FERMA board member Dirk Wegener answers some questions about captives.

FERMA: When companies are deciding to set up or maintain a captive, how important are:
Coverage that isn’t generally available on the commercial market?
Higher limits than available at an acceptable price from the commercial insurance market?
Better pricing on frequency risks (avoiding euro for euro trading with insurers)?
Better loss information?
Ability to plan better for severity losses?

Dirk: In principle, all of the above can motivate a company to set up a captive and the ultimate goal is to optimise the total costs of insurable risks. However, such a decision has always to be taken in light of the individual risk appetite of the company for self-insurance and the regulatory framework of the captive territory. Moreover, the captive has to operate on a sound business case, including risk-based underwriting, proper claims handling, and solid risk, capital and asset management procedures, because it needs to be run on an “arm’s-length” basis.
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FERMA: What factors govern the choice of domicile for a captive?

Dirk: It is fair to say that the predominant consideration is the territorial scope of a captive domicile, meaning the type and quantity of risks of the company and in what territories can be insured by the captive. Then, (prospective) captive owners are certainly interested in a supportive environment of their endeavour, which includes responsive and experienced regulators, a reasonable regulatory framework and the possibilities of outsourcing non-core functions.

FERMA: Do European companies typically look for an onshore domicile like Dublin or Luxembourg?

Dirk: Yes, this is generally the case. The EU Freedom of Service principles are instrumental in allowing a parent company to cover a significant volume of risks through an EU-domiciled captive, and some territories have demonstrated more interest than others in providing this attractive environment to captives. Moreover, the EU Solvency II regulatory regime is an advanced risk-based framework to grant a level plain field across the EU regards regulation, which thereby narrows even further the competition of EU captive domiciles on service capabilities.

FERMA: To what extent does it depend on the class(es) of business you want to use the captive for? Or the location of the risks?

Dirk: In principle, all typical captive domiciles allow insurance of all relevant classes of insurance contracts, but there might be some niche product which can only be insured in specialised domiciles or by setting up a structure for the purpose, such as protected cell captives. The location of the risks is a more distinct denominator. Some insurance classes can only be insured by domestic (captive) insurers, for example, such as insurance-based employee benefit schemes. In such cases, non-domestic captives alternatively often act as a reinsurer of a fronting insurer which meets the regulatory requirements.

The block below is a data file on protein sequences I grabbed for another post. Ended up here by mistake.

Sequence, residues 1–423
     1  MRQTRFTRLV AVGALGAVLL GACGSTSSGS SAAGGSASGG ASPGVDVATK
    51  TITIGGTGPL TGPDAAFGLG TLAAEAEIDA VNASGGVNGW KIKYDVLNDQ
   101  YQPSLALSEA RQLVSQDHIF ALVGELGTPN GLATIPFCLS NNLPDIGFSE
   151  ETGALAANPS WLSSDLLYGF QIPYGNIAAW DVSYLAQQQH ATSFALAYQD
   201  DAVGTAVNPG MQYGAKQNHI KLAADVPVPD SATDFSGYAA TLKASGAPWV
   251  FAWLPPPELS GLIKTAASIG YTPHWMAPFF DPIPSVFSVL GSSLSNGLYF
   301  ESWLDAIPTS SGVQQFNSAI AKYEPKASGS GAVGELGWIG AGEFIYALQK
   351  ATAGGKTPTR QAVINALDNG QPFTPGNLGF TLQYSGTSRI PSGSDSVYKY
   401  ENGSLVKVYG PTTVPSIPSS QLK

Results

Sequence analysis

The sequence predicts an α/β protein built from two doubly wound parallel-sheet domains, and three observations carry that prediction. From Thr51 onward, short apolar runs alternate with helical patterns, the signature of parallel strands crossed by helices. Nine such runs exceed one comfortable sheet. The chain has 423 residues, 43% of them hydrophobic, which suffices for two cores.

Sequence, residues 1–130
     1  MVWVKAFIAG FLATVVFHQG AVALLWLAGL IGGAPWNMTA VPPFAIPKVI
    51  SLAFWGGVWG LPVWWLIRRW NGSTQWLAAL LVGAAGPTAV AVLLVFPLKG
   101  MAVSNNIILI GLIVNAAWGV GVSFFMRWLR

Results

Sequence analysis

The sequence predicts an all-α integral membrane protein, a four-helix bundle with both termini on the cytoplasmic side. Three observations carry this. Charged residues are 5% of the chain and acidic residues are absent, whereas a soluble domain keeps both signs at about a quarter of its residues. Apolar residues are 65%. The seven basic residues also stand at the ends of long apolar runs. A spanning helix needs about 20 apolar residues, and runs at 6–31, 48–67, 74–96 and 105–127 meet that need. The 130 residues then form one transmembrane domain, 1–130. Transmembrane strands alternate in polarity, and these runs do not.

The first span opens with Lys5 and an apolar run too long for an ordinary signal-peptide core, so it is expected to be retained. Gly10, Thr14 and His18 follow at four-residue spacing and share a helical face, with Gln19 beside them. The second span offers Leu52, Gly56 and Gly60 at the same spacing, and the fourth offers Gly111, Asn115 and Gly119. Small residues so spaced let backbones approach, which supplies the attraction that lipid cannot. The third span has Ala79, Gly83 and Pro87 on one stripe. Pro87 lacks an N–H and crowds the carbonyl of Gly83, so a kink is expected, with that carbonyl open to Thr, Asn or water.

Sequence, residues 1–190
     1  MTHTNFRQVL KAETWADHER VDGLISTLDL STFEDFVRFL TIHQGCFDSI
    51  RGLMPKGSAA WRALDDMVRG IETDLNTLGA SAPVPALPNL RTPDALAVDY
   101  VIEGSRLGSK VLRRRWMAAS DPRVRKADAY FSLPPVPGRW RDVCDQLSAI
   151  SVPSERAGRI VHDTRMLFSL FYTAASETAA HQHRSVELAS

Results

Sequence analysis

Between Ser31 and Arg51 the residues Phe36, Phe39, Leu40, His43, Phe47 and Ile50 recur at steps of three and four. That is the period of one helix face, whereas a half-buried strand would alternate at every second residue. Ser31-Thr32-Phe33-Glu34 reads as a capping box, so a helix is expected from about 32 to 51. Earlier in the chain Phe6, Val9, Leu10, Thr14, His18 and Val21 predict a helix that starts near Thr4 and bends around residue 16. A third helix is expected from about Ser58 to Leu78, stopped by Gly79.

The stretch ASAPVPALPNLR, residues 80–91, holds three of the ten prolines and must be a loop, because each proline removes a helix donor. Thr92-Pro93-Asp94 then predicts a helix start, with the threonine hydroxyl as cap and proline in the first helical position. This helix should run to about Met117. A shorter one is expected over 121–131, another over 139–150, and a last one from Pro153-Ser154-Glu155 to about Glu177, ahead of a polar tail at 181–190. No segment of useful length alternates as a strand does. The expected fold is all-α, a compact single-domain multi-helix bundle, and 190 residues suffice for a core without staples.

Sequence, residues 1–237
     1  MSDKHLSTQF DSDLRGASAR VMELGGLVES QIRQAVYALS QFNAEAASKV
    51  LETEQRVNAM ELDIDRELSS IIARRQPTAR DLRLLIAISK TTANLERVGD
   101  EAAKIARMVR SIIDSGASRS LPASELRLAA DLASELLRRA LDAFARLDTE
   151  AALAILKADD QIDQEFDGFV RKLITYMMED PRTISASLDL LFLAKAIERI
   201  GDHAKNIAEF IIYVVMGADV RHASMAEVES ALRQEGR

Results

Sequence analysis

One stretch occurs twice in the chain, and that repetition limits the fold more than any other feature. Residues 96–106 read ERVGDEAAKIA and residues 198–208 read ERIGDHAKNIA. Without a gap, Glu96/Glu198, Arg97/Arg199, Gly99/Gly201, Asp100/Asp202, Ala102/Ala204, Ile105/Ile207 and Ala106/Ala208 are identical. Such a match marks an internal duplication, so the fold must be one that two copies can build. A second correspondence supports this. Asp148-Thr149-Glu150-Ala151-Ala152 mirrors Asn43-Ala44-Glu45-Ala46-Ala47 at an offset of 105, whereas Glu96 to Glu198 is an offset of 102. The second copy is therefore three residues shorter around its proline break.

FERMA: How does a captive support the ERM of a multi-national?

Dirk: Not only is the captive an established tool to optimise the total costs of insurable risks, it also provides transparency on global loss distributions by risk types/exposures and the efficiency and effectiveness of internal loss prevention measures. These insights, gathered from an internal data base via a process which is consistent across all risk types/exposures, makes possible a solid ERM process for existing sites and processes. It also supports investment decisions on future locations.

FERMA: To what extent do you think BEPS will increase costs for captive owners? Is this increase likely to make some captives unattractive for their owners?

Dirk: Firstly, owners of EU-domiciled captives are very disappointed that their captives are exempt from the regular procedures applicable to all other insurance companies. Throughout the entire process of the implementation of the Solvency II regime, we were told to accept being treated like any other insurance company, as we were not any different. Now, we are told we deserve a “special treatment”. This inconsistency is neither fair nor helpful to support the captive concept as effective risk mitigation tool.
And yes, proving to be compliant with the BEPS requirements will absolutely increase costs for captive owners. My hope is that the already complex Solvency II data analytics and reporting will be instrumental to prove BEPS compliance at moderate additional cost for EU-domiciled captives and, therefore, will be not prohibitive to continue the captive as such.

Read the FERMA position paper on captive insurance companies.